Hugo is a film directed by Martin Scorsese and released in 2011. Based on the Caldecott Medal-winning book The Invention of Hugo Cabret by Brian Selznick, the film both faithfully adapts the story and serves as Scorsese's love letter to early film history and the importance of preserving and restoring these films.
Set in 1930s Paris, and mainly in the Gare Montparnasse, an orphan boy lives hidden in the train station's walls, maintaining the clocks as his absent uncle did while trying to repair an automaton of his fathers and trying to avoid being caught by the station inspector. Befriending the daughter of a toymaker leads the two of them closer to solving the mystery of the automaton.
This film is beautiful and full of wonderful moments: the look of a child being taken to the movies, recreations of the making of films back then by Georges Méliès that look like pop-up books come to life in a 3-D viewing, snowfall on a cobbled Paris street at night, and the recreated interior and behind the walls and clockfaces of the train station. Magic tricks abound both in front of and behind the scenes, and although the story of Hugo is an invention, what is more inventive is that certain gears of the story are true.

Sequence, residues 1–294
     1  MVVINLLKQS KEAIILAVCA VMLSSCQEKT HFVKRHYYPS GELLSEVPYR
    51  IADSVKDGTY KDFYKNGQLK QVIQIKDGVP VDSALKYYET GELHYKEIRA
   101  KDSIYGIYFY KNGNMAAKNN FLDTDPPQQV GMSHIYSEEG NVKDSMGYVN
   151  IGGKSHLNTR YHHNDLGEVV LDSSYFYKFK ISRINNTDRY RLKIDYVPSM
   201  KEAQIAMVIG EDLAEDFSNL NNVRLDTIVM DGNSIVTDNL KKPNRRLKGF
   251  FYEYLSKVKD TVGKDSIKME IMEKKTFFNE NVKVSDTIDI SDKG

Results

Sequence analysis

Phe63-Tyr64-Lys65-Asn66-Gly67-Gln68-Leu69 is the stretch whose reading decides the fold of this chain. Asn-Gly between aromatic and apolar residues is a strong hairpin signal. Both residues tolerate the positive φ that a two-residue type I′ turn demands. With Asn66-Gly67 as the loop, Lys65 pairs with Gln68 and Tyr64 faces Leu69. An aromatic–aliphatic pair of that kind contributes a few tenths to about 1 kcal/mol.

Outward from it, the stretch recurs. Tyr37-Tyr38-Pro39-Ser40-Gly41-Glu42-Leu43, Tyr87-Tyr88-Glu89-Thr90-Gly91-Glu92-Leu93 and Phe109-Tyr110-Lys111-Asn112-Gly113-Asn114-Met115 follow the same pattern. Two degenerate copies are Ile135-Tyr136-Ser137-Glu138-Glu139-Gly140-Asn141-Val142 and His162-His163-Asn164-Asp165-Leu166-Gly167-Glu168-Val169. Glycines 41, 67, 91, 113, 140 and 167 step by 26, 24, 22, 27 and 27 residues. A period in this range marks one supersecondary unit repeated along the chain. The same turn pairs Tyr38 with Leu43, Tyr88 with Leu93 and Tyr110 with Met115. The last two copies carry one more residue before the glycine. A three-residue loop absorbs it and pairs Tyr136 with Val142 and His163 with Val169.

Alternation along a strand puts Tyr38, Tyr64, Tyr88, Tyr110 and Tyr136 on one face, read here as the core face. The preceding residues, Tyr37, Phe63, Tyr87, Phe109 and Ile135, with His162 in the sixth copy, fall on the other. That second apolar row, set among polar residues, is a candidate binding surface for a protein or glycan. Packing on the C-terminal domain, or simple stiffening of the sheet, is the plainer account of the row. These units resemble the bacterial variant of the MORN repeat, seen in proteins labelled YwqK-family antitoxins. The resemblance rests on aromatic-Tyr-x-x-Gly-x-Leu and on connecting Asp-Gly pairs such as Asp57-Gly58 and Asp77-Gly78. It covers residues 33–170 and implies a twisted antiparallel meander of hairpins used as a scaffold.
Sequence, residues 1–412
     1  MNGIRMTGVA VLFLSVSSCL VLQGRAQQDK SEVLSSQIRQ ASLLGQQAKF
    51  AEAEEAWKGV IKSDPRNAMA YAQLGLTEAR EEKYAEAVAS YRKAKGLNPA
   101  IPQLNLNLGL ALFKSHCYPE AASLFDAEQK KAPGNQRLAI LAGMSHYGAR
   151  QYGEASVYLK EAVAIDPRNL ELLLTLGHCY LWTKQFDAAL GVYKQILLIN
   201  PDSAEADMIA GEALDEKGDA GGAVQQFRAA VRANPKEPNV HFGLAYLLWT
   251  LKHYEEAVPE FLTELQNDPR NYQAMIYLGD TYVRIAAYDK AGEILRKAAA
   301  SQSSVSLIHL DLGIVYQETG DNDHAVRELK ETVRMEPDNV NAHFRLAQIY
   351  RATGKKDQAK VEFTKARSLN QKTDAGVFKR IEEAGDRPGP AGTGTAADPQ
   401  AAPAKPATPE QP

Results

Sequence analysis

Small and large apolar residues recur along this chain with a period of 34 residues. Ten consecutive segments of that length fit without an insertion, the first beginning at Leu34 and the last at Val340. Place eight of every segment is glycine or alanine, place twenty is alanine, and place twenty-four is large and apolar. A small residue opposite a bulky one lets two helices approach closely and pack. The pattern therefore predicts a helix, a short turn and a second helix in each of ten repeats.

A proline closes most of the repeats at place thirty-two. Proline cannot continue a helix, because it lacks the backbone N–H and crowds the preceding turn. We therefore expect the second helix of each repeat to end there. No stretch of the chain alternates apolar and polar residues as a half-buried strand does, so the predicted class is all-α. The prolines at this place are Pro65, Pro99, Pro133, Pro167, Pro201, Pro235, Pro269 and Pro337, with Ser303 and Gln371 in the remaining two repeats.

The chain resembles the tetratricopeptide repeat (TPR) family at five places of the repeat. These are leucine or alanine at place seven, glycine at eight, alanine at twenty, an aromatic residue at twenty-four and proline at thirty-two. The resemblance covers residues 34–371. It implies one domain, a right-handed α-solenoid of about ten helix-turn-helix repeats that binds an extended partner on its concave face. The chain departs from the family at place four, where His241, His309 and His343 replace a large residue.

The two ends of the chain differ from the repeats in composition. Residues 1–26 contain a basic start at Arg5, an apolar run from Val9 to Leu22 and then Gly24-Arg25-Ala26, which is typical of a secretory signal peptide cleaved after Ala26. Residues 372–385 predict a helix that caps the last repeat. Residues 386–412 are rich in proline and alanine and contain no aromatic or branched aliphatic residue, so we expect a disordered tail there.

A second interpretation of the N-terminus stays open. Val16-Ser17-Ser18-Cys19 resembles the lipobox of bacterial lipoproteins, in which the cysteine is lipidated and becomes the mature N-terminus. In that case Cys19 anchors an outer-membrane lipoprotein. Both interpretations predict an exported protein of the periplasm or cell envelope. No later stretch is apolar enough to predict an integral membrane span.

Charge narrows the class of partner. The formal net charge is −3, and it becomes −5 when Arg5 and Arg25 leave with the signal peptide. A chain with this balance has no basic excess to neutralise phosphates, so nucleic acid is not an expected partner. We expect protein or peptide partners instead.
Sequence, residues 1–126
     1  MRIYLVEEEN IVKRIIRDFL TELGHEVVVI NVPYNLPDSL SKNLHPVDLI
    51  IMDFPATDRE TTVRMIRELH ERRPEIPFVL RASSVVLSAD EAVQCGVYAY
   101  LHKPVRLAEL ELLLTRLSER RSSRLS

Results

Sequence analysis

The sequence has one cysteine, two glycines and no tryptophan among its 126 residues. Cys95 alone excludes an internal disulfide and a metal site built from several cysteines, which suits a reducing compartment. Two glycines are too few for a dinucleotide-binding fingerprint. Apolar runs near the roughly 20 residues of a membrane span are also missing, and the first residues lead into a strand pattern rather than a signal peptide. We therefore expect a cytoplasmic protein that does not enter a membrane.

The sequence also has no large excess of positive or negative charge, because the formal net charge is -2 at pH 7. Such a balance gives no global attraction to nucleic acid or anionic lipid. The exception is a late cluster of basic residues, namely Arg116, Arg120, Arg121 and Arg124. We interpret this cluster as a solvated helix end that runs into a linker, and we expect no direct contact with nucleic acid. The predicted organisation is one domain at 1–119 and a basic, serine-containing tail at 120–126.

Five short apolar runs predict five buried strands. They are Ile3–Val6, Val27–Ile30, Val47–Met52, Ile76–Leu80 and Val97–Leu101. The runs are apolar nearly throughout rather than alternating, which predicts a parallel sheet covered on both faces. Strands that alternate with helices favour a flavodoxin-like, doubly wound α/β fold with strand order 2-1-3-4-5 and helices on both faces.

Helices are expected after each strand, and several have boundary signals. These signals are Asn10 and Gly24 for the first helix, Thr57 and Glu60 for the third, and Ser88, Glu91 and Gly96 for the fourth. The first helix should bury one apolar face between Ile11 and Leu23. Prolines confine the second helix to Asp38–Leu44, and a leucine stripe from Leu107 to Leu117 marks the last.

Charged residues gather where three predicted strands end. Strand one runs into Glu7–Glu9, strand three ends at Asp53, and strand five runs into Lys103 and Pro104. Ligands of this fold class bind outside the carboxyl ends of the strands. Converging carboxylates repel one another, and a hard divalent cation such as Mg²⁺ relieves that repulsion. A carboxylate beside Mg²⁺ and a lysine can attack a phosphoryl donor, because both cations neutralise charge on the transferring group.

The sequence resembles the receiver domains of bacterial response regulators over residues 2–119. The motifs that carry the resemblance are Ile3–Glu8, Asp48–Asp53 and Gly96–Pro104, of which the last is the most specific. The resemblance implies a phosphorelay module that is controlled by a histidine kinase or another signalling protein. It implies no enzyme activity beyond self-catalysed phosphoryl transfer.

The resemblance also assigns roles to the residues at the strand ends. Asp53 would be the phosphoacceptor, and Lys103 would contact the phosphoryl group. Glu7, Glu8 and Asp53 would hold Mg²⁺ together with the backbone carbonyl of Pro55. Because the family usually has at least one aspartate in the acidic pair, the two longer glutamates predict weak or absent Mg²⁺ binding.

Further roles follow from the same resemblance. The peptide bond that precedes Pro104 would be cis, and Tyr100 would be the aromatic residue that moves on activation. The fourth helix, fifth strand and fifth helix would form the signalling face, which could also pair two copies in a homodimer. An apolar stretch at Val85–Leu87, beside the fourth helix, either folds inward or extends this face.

Mention needs to be made of this being shown in 3-D, and it is quite remarkably done to useful effect. There's a nice parallel to Méliès' films, which were shot in 2-D but in order to produce extra prints faster (to beat piracy in the States, ironicly), many of the short films were shot with two cameras, side to side. Digitally splicing the two same but offset prints produces a true 3-D film, which has been done.
While deservedly well acclaimed, Hugo did not do well at the box-office. I do think it will hold up over time, as many of Scorsese's films should and will do.
Martin Scorsese, director
Ben Kingsley as Papa
Sacha Baron Cohen as Inspector
Asa Butterfield as Hugo
Chloë Grace Moretz as Isabelle